New York City detectives questioning a boy facing a felony charge last year offered him a McDonald’s soda. When the boy left, they took the straw and tested it for his DNA.
Although it did not match evidence found at a crime scene, his DNA was entered into the city’s genetic database. To have it removed, the child’s family had to petition a court and file an appeal, a process that took more than a year. The boy was 12.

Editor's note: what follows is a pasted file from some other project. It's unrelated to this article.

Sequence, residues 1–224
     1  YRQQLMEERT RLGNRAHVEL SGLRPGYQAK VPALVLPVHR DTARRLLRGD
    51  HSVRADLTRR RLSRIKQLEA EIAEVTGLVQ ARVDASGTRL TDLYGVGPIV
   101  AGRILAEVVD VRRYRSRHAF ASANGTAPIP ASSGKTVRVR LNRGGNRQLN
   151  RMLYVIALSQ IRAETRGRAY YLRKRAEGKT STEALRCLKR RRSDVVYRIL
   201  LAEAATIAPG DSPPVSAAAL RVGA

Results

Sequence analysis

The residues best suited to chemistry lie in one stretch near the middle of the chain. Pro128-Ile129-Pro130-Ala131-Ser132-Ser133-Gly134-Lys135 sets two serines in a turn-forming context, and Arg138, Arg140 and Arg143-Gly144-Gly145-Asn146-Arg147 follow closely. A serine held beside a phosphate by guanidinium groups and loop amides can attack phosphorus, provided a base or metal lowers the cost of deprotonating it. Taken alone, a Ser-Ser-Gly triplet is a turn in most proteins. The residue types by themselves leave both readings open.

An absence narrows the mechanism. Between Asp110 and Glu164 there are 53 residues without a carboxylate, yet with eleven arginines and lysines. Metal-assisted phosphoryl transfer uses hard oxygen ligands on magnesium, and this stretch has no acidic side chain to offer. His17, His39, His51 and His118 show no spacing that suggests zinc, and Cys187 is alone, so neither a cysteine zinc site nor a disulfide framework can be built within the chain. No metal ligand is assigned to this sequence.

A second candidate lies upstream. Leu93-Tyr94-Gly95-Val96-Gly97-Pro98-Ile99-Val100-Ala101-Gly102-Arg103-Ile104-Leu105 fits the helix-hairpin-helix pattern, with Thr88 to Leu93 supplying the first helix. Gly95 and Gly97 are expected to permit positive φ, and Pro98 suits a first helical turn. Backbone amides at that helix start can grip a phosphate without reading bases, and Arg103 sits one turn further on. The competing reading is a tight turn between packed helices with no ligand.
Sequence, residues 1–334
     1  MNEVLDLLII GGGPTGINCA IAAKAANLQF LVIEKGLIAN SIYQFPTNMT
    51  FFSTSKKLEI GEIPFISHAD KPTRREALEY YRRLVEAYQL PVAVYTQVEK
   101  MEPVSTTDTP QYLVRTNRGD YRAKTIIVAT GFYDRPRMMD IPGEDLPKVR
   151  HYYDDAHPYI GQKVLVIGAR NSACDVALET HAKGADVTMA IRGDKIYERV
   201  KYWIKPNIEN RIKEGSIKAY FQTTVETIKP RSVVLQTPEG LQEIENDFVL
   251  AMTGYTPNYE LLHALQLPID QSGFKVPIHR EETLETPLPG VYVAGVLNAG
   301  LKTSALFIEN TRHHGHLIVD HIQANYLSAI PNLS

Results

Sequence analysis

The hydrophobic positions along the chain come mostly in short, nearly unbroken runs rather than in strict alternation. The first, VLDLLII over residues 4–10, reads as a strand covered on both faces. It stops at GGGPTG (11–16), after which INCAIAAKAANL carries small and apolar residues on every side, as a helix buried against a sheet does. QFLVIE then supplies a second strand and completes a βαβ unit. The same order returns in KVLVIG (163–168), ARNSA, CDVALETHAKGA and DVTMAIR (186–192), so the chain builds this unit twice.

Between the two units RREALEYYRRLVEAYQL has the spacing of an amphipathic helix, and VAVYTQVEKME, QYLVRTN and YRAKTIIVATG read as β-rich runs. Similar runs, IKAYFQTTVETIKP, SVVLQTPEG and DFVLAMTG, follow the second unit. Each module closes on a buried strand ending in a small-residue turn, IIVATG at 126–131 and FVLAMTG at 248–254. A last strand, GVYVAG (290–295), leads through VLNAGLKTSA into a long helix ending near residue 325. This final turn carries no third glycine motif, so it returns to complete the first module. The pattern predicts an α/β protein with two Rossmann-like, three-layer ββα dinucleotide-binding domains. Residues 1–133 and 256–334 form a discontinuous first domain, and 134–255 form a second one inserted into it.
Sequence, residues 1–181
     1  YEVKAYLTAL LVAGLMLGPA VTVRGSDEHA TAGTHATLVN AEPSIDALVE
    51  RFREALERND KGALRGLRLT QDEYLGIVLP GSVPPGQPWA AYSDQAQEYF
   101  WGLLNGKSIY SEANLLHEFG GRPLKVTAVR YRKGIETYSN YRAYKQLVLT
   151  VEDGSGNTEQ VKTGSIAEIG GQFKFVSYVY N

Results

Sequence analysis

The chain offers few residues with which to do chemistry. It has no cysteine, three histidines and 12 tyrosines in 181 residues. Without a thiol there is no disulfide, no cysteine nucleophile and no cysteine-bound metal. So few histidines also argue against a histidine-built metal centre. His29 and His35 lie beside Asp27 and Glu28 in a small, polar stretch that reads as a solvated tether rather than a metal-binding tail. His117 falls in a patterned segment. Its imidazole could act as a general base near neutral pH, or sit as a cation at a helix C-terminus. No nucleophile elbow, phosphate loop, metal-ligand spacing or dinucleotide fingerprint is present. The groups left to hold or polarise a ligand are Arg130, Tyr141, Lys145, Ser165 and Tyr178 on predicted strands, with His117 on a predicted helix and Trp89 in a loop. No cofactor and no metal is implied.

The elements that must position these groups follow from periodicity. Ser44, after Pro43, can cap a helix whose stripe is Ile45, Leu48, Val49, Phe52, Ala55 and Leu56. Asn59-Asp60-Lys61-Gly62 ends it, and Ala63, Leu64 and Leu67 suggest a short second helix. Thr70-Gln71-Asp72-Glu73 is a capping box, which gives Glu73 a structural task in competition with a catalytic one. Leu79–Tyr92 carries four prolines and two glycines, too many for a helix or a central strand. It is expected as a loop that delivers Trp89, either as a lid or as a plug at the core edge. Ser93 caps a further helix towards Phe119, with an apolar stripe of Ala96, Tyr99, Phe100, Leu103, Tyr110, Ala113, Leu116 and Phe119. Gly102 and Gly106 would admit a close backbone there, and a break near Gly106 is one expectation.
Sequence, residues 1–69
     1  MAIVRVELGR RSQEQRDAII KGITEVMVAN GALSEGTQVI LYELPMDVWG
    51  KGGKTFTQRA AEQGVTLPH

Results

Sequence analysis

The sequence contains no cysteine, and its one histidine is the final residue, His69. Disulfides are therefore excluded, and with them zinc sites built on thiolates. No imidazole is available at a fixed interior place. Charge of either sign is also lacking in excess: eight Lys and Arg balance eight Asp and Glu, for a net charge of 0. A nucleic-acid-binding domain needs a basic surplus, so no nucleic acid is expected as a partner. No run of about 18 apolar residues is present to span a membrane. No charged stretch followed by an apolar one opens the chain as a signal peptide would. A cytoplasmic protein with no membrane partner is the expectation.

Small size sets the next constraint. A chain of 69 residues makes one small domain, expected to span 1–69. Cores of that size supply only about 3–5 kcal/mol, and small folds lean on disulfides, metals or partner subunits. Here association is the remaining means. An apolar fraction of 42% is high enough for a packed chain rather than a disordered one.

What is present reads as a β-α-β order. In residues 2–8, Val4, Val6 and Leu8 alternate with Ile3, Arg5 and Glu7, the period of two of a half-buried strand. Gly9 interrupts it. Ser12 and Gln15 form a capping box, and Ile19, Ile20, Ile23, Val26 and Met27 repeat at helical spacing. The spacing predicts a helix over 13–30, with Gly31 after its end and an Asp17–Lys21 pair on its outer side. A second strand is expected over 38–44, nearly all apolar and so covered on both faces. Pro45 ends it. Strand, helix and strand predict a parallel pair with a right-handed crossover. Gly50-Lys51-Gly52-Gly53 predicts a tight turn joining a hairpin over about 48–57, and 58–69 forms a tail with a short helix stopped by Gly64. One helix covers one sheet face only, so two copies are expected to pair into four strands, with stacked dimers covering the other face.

The city’s DNA database has grown by nearly 29 percent over the last two years, and now has 82,473 genetic profiles, becoming a potentially potent tool for law enforcement but one that operates with little if any oversight.